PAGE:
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It’s probably good then that the amount of content out there is exploding at the same time as new skills are being required for jobs faster than ever before, movement within companies is shifting on a quarterly basis, and competition for talent is at an all-time high.

And that content is being utilized. Degreed found that 70% of workers learn from peers or by reading articles and blogs every week, and 53% learn from videos in any given week.

The explosion of both content informal learning opportunities presents new challenges: where are we seeing the skills we are acquiring? Will we be passed up on job opportunities because we can not show, prove or articulate what we know? The list goes on and on.

So how do we solve for this? How do we make this learning we do matter? How do we show what we are learning from all the articles we read, videos we watch, experiences we have?

Meet Degreed. The New Way of learning has been a challenge, but being able to discover, consume, track, share all my learning within Degreed has helped me and millions of others identify passions, career development pathways, and make sense of all the learning that is happening online and offline to define more of my career path.

We all have a learning journey like mine – all over the place – and Degreed helps make sense of that. We ALL are learning all the time, now it is time to get credit, create purpose and love what you are learning and doing on a daily basis.

Be a part of the new way starting today.

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Career development is more complex than it’s ever been. There’s no longer a straight ladder with prescribed steps. Employees are changing jobs at a record rate, and the change can now be lateral, diagonal, up or down, and jobs that require new skills are popping up all the time. 91% of Millennials expect to stay in their current job for 3 years or less, which means they will have 15-20 different jobs over the course of their career.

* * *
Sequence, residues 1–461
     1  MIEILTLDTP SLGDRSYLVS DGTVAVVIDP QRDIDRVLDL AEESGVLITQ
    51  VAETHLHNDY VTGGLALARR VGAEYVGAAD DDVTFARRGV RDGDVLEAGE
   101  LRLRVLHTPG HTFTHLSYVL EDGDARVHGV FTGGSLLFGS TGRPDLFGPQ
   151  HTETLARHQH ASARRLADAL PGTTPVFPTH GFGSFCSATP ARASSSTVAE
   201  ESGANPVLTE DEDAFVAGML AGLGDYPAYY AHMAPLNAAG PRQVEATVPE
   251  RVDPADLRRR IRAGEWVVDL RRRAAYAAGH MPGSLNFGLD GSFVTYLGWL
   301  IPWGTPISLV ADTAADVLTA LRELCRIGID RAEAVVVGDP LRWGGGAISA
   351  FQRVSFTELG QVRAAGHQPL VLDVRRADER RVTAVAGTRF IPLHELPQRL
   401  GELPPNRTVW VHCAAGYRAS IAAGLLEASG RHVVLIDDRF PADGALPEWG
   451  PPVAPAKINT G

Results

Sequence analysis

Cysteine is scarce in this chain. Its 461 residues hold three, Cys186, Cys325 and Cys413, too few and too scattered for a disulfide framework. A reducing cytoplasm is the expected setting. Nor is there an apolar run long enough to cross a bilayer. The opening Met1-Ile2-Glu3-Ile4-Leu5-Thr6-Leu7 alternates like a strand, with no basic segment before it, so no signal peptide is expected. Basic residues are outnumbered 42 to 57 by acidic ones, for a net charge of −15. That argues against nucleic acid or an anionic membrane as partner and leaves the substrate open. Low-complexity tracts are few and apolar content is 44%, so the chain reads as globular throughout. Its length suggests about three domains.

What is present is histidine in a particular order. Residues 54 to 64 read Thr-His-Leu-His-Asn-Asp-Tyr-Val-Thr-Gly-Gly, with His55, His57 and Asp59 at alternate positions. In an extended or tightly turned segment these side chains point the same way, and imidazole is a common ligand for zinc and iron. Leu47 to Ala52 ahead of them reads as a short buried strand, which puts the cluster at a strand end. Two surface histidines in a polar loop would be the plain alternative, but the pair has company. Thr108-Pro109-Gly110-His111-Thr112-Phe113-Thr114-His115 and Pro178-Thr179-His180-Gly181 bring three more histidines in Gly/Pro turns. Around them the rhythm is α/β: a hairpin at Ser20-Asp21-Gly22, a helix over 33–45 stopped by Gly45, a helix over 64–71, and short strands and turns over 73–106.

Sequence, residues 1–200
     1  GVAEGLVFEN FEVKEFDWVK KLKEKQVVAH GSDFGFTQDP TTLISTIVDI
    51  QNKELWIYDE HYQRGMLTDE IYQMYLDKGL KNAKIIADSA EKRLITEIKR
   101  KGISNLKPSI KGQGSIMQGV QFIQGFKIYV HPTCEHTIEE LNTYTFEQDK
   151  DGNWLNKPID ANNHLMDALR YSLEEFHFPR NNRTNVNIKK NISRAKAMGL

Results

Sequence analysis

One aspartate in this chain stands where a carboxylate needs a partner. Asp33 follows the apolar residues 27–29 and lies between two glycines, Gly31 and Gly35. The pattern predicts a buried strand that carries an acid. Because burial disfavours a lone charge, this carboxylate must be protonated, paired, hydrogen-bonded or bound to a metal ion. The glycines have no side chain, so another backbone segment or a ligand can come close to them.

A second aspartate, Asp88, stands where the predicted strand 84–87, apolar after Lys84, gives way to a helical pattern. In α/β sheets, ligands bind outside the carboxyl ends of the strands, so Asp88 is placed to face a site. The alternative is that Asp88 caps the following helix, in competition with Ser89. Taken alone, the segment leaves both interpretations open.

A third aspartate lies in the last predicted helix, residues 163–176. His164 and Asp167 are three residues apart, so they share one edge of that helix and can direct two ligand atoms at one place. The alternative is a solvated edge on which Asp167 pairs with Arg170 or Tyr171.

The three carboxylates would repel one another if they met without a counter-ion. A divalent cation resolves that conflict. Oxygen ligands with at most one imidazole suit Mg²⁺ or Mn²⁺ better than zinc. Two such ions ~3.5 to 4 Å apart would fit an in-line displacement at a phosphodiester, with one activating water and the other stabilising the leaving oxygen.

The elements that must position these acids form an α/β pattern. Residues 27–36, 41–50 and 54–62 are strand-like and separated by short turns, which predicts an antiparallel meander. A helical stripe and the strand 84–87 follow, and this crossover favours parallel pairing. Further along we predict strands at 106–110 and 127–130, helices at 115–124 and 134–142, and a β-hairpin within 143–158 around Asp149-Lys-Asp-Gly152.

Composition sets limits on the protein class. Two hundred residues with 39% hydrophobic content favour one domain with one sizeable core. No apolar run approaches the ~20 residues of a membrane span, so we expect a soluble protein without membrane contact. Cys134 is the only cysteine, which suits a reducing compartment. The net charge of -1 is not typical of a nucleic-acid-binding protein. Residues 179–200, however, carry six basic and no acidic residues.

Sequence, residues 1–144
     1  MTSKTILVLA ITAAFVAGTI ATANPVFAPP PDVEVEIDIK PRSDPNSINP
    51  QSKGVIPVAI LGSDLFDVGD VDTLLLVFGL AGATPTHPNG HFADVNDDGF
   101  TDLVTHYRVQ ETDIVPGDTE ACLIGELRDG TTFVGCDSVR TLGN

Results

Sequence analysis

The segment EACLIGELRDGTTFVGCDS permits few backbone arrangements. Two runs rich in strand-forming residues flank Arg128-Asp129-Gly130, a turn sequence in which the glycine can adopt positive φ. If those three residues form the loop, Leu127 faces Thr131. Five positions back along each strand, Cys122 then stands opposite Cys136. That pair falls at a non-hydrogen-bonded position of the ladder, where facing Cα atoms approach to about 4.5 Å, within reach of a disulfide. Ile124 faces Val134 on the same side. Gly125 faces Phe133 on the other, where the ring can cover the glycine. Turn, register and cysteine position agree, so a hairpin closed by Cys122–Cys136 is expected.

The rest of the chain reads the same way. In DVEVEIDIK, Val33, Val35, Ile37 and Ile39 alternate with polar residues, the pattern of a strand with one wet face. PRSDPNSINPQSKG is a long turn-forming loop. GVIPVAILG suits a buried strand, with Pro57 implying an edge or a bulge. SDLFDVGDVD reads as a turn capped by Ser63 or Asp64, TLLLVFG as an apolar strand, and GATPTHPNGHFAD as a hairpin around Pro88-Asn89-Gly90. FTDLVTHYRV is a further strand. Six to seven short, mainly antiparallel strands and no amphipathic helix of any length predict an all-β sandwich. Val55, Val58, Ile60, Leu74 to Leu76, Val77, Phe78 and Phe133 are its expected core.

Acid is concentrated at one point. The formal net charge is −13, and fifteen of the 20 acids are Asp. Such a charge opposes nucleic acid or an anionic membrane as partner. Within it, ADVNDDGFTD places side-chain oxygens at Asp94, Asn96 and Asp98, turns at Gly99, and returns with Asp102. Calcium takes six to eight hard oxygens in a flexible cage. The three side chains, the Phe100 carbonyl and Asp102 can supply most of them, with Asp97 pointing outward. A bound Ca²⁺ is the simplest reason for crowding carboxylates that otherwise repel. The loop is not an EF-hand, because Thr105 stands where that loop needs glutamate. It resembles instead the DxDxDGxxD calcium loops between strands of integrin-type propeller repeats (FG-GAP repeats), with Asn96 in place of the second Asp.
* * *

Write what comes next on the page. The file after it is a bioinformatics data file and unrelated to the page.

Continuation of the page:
Here are three ways Degreed helps today’s workforce target their development across the roles, skills and learning they need for the jobs they currently have and want in the future.

  1. More relevant learning. Traditional approaches to development rely on conventional tools of the trade – things like classes, courses, and competencies, which are rarely reinforced, often forgotten or inconsistently applied. Which means lots of waste; 45% of L&D-led learning is wasted. All that wasted time, money and effort add up fast – more than $24m a year for every 10,000 employees for a typical Fortune 500 company [CEB]. To make learning more relevant, you need tools that target learning at the skill level. Degreed connects learning to skills, and skills to roles, giving individuals and organizations the ability to identify what skills they have, what skills they need, and the pathway to bridge the two.